While The Desire to Standardize Data Systems is Strong, Entrenched Obstacles Remain
The effort to create an “integrated lab” just means that we want to get everything in the lab working together. Additionally, there is a desire to make it easier to make things all work together than has previously been possible. With the various brands of software and equipment, sometimes on different platforms, often with different data sources, the challenge remains—well—a challenge.
Is it “the same old, same old”?
Laboratory integration would be easier if we created more data standards. Recently, Waters put out a press release containing these comments: “One of the most important challenges laboratory scientists and information technology managers face today is the need for data management standardization. Many of our customers are forced to support multiple laboratory software and informatics platforms amongst their many labs.”1 What is notable about this is that many in our industry have been saying this for many years now. The desire to standardize data systems has been strong, but has not been realized in more than a few areas. So, when we go back 10 years, 20 years, probably longer, we find groups that talk about and/or start such standardization efforts and fail, for the exact same types of standards, and that each time fail to learn from or make progress from previous groups’ efforts. Thus, why I say it is “many” years.
Consider these two other quotes from the same press release, as well: “Specifically, customer benefits of CDS standardization include reduced training efforts and support resources needed to maintain a single platform” and “… a standardized CDS can facilitate more consistent regulatory compliance through easier software validation and streamlined review/sign off of results.”2 Here, while Waters specifically mentions CDS (Chromatography Data System), these comments are true of all informatics systems.
Can we move forward?
If standardization is such a key element to integration, if it has so many benefits, if it is so highly desired, and if the industry has been so interested in it for so long, one might ask, “Why don’t we have these standards in place?” My answer when asked that question is usually, “Because it’s really, really hard!” Then, if that answer doesn’t annoy the person who asked to the point that he or she walks off in a huff, we often end up having a dialogue about how many things have to happen to create these standards. Politics is a major factor of any undertaking. Also, if you’ve looked under the hood of your systems, you know how complicated they are. It’s common to have several systems with huge databases of many tables and fields controlled by even more complex programs, and each one can be almost entirely different than the others.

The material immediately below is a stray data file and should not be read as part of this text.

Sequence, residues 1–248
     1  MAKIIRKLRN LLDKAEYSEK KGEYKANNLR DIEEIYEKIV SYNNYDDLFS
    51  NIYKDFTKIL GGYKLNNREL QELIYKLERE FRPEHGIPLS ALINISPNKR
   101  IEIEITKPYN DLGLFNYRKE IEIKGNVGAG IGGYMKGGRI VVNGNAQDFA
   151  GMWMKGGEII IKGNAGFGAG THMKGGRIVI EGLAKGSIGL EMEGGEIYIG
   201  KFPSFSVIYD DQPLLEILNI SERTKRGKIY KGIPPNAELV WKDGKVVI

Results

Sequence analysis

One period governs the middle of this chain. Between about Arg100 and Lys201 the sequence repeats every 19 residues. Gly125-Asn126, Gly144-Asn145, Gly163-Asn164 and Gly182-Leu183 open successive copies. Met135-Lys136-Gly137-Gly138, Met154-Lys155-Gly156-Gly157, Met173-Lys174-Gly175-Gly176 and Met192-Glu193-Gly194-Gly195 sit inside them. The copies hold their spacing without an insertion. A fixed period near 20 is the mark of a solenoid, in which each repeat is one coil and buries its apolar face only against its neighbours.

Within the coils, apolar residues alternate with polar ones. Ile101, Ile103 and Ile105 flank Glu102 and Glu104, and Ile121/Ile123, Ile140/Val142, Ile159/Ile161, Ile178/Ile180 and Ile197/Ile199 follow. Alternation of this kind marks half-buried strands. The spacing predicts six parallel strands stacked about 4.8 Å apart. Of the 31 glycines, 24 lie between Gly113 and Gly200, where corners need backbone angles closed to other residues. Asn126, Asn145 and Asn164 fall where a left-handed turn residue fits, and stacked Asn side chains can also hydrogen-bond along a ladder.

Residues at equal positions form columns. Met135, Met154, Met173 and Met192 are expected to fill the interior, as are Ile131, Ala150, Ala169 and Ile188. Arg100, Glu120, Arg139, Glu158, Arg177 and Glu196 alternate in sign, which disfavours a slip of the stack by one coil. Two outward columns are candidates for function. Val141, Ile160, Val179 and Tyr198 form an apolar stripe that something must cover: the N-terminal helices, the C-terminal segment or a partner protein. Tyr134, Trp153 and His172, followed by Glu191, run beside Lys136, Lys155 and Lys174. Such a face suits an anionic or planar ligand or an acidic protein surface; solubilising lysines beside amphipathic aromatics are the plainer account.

All this is compounded by the fact that those users have spent quite a lot of money to implement a system and do not necessarily want it to change, and the software vendors trying to deliver new features and technology don’t necessarily want to change their focus toward retroactively changing their software. By now, most customers and software vendors in our industry realize that the “seamless upgrade path” is never as easy as it sounds. Another issue is that software and hardware continue to change; therefore, our focus remains more on what is up-and- coming and whether it is a better solution, than on forcing a path for these solutions to take.
Once again, let me point out that it is not because of a lack of desire. If you ask anyone whether standards are good to have and worthwhile to work on and whether they want them, it is almost certain they will respond positively to all of that.
With all that said, there have actually been some pockets of standardization. One notable effort has been HL7 (Health Level 7 International, http://www.hl7.org/ ), which is an effort to standardize health information technology.3 HL7 has created standards for items such as electronic health records.